How To Spot Weight Loss Scams

cash with coins on top

( — Lose 10 pounds in 10 days! Melt away fat as you sleep! Eat as much as you want and still lose weight! Sound too good to be true? It’s a safe bet that anything promising quick results without the work means that your wallet – not your body – will be lighter. All the same, phony weight-loss products that claim to burn, melt, and flush fat from your system have flooded the multi-billion dollar weight-loss market.

The FDA warns consumers

The federal government, in an ongoing battle to clamp down on bogus weight-loss products, has successfully brought claims against many marketers. Common weight-loss scams include these:


  • Weight-loss patches. Manufacturers claim they help the thyroid work harder, revving up the rate at which your body burns calories. Worn on the skin, these patches have not been proven to be safe or effective.
  • Fat blockers. Makers of these pills claim that fat blockers can interfere with how your body processes the fat you eat. But they may cause bloating, gas, nausea, diarrhea, and vomiting. They can also keep some fat-soluble vitamins, such as vitamin A, D, E, and K, from being absorbed.
  • Starch blockers. These promise to block or interfere with starch in your diet. Many users report nausea, vomiting, diarrhea, and stomach pains.
  • “Magnet” diet pills. Makers claim these bind to fat, effectively flushing fat out of the body while you eat. However, these can block how your body absorbs important fat-soluble vitamins.
  • Bulk producers or fillers, such as fiber-based products. These absorb liquid and swell in the stomach, which may reduce hunger. But some fillers, such as guar gum, can cause blockages in the intestines, stomach, or esophagus. Guar gum was declared unsafe and ineffective for use as a nonprescription diet aid, but it is still used in small amounts as a food thickener and binder.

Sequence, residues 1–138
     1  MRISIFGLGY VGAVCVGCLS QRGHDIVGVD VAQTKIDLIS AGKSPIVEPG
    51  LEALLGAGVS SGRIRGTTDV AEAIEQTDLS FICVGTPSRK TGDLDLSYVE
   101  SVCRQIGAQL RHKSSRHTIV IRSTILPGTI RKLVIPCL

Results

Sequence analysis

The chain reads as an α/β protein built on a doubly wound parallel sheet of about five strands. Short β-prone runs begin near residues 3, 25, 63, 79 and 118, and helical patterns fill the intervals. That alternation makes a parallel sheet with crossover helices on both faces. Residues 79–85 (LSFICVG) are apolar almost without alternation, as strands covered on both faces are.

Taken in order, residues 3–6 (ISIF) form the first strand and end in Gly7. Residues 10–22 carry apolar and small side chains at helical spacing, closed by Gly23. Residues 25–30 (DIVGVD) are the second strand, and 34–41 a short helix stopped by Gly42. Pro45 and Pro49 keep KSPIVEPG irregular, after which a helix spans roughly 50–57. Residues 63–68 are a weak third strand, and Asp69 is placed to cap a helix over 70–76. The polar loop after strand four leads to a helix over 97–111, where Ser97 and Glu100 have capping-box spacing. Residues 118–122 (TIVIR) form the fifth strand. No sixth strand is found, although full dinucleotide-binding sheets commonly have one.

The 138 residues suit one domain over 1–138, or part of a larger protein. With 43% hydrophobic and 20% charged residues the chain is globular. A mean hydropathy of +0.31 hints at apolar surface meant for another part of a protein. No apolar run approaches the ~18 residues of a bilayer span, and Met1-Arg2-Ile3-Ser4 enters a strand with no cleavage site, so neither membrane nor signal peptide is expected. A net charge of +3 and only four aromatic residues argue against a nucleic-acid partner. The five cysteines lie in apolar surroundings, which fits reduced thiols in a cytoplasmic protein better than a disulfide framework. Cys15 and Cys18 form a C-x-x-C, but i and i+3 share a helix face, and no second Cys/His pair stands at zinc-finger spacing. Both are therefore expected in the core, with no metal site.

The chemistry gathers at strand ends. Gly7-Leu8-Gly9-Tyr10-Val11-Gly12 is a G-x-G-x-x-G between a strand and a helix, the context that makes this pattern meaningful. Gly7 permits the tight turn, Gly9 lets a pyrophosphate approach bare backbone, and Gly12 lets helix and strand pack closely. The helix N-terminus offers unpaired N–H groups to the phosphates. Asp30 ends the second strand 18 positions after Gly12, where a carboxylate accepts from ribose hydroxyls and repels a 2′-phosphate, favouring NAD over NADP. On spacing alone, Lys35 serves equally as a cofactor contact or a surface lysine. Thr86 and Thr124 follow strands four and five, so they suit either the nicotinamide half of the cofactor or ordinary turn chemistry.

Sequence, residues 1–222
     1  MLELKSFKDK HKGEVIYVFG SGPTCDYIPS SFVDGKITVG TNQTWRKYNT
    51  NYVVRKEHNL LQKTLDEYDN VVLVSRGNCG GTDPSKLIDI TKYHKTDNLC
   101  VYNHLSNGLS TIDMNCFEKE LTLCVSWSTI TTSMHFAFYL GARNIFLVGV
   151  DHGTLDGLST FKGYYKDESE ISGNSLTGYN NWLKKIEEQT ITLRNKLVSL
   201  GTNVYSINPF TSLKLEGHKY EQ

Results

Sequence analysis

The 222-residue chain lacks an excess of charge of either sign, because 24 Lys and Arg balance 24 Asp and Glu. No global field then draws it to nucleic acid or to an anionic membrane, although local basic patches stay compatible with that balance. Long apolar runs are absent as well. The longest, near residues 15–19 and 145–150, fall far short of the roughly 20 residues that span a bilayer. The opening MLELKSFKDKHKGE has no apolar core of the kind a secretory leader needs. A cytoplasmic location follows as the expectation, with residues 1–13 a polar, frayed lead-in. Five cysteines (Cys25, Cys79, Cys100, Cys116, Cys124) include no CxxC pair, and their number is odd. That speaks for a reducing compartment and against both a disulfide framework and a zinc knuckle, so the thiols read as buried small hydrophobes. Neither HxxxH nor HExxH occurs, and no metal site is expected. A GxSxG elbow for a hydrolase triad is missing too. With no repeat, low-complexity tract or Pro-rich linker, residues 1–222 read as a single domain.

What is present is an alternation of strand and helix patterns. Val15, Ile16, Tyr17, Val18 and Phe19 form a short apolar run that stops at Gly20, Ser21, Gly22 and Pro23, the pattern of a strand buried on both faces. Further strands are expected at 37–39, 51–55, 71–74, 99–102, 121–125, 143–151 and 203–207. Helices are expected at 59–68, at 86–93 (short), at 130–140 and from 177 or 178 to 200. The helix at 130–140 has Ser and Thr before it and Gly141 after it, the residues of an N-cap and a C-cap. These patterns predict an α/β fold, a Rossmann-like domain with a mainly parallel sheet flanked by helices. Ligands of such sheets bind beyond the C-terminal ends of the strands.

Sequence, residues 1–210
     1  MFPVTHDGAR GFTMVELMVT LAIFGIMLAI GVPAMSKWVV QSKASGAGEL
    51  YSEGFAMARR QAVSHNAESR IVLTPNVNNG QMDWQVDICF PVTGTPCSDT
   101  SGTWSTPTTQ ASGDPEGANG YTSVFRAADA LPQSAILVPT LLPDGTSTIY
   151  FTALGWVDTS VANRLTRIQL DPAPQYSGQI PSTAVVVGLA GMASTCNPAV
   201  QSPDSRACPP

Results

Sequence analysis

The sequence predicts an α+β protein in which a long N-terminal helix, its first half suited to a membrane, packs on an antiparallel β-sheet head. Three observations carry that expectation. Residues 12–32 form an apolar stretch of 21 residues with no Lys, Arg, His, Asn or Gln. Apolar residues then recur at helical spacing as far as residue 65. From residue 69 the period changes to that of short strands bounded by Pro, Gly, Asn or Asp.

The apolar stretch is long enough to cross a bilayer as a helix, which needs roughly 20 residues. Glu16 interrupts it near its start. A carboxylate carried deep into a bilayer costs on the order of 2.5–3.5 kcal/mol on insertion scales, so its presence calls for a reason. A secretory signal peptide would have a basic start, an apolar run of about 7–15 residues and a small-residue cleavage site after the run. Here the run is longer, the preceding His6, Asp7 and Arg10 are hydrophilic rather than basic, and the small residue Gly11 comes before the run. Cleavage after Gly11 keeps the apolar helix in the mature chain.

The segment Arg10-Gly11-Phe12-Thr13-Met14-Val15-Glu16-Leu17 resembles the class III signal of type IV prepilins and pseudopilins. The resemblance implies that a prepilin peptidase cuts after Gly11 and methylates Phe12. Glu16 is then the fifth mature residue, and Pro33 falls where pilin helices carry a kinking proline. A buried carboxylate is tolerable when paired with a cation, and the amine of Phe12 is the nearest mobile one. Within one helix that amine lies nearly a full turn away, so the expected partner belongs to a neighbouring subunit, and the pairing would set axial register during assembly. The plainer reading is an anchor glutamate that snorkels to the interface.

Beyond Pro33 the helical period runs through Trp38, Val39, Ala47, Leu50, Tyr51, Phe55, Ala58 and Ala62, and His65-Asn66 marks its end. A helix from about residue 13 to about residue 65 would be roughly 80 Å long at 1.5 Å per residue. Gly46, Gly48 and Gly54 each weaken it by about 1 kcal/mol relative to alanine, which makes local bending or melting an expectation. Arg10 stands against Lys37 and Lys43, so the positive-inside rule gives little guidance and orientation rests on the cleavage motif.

• Electrical muscle stimulators are used in physical therapy, but the FDA has taken several of these devices off the market because they were promoted for weight loss and body toning. When used incorrectly, muscle stimulators can cause electrical shocks and burns.
  • Appetite-suppressing eyeglasses are common eyeglasses with colored lenses that claim to project an image to the retina that is said to dampen the desire to eat. There is no evidence that these work.
  • “Magic” weight-loss earrings. These and other similar devices are custom-fitted to the consumer’s ear, near acupuncture points that are supposed to help control hunger. They have not been proven to work.

Too good to be true?